Newspaper headlines: Energy cap plans and 'Sanction Iran over Rushdie' – BBC

By BBC News
Staff

A variety of stories lead Sunday's papers. The Observer leads with calls by Labour leader Sir Keir Starmer for the government to block what it describes as "crippling" energy price rises in October. The paper says he came under pressure to act after Gordon Brown demanded an emergency budget.
Writing in the Sunday Mirror, Sir Keir says his party would bring down bills by taxing oil and gas producers making huge profits.
The Sunday Times reports that Treasury officials are working on a multi-billion pound package to knock an extra £400 off energy bills – but not until January. The paper points out there's no guarantee that either candidate vying to be the next prime minster would take up the proposal.
Writing in the Mail on Sunday, one of those leadership hopefuls, Liz Truss, promises "immediate help with the cost of living," but offers no new proposals.
In an interview for the Sunday Telegraph, chief secretary to the Treasury Simon Clarke, who supports Ms Truss, urges her to hold firm and set out her plans in September. He criticises the approach of her rival, Rishi Sunak, while chancellor, of giving automatic discounts to all households including the higher earners.
In the Sun on Sunday, Mr Sunak pledges to secure future energy supplies in the UK by increasing investment in nuclear, solar, shale, and offshore wind production.
There's some speculation about the leadership contest, with a poll of 570 Conservative members carried out for the Observer suggesting Ms Truss has a 22-point lead. The same survey indicates that many still prefer Boris Johnson to either candidate.
According to The Sun, eight in 10 Conservative party members have now cast their vote, which the paper says is a "huge boost" to the foreign secretary's chances.
The Sunday Express offers the frontrunner its endorsement on its front page. It says Ms Truss has "the vital combination of intellect, guts, conviction and experience" and will bring in a new era of change for Britain.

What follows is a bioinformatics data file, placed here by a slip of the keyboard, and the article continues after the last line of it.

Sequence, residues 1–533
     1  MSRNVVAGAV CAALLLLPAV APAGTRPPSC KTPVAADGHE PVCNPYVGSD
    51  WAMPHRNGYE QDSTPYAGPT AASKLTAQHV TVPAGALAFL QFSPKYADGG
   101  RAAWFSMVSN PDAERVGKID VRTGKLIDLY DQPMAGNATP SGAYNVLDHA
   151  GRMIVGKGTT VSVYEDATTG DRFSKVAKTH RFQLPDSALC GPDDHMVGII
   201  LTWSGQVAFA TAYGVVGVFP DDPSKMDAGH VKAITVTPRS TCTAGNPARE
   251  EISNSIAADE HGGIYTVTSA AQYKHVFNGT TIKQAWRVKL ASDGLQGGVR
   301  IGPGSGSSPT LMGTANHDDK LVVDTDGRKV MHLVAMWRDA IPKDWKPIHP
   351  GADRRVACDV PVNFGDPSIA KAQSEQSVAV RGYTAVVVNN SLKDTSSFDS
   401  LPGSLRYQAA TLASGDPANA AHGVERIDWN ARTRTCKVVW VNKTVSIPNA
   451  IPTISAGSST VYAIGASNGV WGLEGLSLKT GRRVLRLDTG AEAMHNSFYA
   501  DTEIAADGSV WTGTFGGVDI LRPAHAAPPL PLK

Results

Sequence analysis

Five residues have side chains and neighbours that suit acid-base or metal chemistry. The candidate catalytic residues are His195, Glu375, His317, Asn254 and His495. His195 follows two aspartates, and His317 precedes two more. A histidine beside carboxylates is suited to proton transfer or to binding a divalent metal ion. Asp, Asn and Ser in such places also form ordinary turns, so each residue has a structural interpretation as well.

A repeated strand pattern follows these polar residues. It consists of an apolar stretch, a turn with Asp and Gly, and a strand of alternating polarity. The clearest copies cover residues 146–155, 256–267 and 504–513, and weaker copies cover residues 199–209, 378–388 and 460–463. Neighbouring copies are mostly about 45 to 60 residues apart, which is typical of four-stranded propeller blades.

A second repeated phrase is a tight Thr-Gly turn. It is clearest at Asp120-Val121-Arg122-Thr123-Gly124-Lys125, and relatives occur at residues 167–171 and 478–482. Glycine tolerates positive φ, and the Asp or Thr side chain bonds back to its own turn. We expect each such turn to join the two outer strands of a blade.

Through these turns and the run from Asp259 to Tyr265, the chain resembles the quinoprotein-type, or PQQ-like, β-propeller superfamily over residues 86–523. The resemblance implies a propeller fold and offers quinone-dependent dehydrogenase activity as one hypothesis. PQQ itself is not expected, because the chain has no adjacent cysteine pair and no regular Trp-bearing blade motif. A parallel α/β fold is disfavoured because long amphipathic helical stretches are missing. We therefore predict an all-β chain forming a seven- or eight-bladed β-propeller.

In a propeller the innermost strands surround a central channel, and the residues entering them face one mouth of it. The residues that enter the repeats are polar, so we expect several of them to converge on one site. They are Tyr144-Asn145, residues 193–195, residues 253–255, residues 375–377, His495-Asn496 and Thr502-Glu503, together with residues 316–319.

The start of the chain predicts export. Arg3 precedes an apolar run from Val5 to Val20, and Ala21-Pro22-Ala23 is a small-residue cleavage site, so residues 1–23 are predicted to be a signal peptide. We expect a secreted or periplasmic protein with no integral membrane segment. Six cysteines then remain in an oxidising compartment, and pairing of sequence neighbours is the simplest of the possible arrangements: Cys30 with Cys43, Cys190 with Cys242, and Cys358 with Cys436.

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The Sunday Times reports that water leaks detected by some suppliers have more than doubled since the heatwave began. Companies blame the cracked ground, the pressure of moving supplies, and the fire services' use of hydrants.
Writing in the Mail on Sunday, environment minister Steve Double says firms must "prioritise customers" by fixing more leaks or face action. The paper calculates that the biggest suppliers have paid nearly £3bn to shareholders this year.
The chairman of the National Infrastructure Commission, John Armitt, tells the Telegraph that ministers should overrule opposition from local residents to building new reservoirs.
And the Mail overturns the notion that a builder always like a strong cup of tea. A poll of 2,000 workers has revealed the preferences of different tradespeople and their cuppas. It appears that while heating engineers like their tea to brew for up to four minutes, builders would prefer the bag to be whipped out after ten to thirty seconds, and preferably be accompanied by a Hobnob.
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